Johnny Depp used to have movie buffs in the palm of his hand. Here was a too-pretty-to-be-true movie star who, instead of gravitating toward safe choices, hid his face behind funky makeup and facial hair. Even when he starred in a blockbuster franchise, Pirates of the Caribbean, it was in a role that few other stars would touch, let alone play the way he did.
But lately, Depp has been mired in his own eccentricity. While there are plenty of things wrong with The Lone Ranger, his performance is the most grating flaw.
The film begins with a wizened old Tonto (Depp) telling a young boy how he came to know John Reid (Armie Hammer) in 1869 Texas. A dandyish district attorney, Reid arrives in a small railroad town where his brother Dan (James Badge Dale) is a Texas Ranger. Dan has married John's childhood sweetheart, Rebecca (Ruth Wilson), but that doesn't keep the siblings from joining forces to track down a murderous fugitive named Butch Cavendish (William Fichtner). John and Tonto also become uncomfortable partners during the search for Cavendish, and John takes to wearing a black mask and riding a white horse.
The Lone Ranger marks the latest collaboration between Depp and director Gore Verbinski, who oversaw the first three Pirates films and the funky animated western Rango. They desperately try to recapture those films' comic-adventure lightning in a bottle. And they actually succeed during a meticulously choreographed shoot-'em-up scene. Unfortunately, it comes after more than two hours of nonsense.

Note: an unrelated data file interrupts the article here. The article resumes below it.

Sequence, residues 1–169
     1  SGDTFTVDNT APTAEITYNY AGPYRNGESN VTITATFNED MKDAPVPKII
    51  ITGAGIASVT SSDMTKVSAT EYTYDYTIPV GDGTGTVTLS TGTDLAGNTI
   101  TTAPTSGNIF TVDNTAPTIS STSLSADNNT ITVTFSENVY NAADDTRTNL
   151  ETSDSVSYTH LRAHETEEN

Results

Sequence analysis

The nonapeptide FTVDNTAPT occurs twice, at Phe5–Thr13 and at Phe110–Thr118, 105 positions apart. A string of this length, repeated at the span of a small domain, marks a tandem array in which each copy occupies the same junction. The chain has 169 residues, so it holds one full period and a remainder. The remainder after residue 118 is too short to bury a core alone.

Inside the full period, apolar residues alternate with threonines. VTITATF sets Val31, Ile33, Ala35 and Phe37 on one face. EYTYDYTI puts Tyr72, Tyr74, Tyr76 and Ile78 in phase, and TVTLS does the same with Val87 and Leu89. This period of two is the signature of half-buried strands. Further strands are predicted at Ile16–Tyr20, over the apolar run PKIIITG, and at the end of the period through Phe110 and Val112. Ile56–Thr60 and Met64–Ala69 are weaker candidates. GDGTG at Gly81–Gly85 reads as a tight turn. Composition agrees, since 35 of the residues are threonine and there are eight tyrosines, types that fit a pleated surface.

Verbinski takes nothing seriously, presuming that a straightforward take on the iconic hero would be too square for 2013 audiences. But he doesn't develop the characters enough: It's hard to truly care about the relationship between John and Dan, or what separated John and Rebecca, or the tragedy that drives Tonto.
Then there's Depp, whose portrayal of Tonto would be an insult to cinema no matter what you think about a white guy playing a Comanche. His part consists of nothing but smart-ass remarks about his new partner and bug-eyed reaction takes. Verbinski makes sure we understand the zaniness of everything we're seeing. Positing Tonto as an addled, dead-bird-feeding PTSD case feels like an excuse to let Depp do any ridiculous thing he wants with the character.
So why is The Lone Ranger such a catastrophe, when at least some of the Pirates films made a similar formula work? Because in those films, Jack Sparrow was reacting to ghost ships and sea monsters. Though the Lone Ranger has mystical abilities, he's not responding to an out-of-this-world threat. And Tonto doesn't deliver wisecracks because it makes sense. It's because that's all Johnny Depp wants to invest in a character anymore.